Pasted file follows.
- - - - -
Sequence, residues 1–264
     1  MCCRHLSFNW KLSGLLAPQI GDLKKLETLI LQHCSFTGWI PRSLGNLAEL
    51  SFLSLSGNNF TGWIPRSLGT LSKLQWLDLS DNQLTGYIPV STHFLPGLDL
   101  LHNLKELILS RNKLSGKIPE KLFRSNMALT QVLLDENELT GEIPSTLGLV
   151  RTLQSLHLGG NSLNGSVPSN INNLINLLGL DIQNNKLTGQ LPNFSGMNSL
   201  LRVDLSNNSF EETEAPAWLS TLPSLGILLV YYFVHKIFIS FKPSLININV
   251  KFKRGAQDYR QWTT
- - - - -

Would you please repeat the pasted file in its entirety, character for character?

Sequence, residues 1–264
     1  MCCRHLSFNW KLSGLLAPQI GDLKKLETLI LQHCSFTGWI PRSLGNLAEL
    51  SFLSLSGNNF TGWIPRSLGT LSKLQWLDLS DNQLTGYIPV STHFLPGLDL
   101  LHNLKELILS RNKLSGKIPE KLFRSNMALT QVLLDENELT GEIPSTLGLV
   151  RTLQSLHLGG NSLNGSVPSN INNLINLLGL DIQNNKLTGQ LPNFSGMNSL
   201  LRVDLSNNSF EETEAPAWLS TLPSLGILLV YYFVHKIFIS FKPSLININV
   251  KFKRGAQDYR QWTT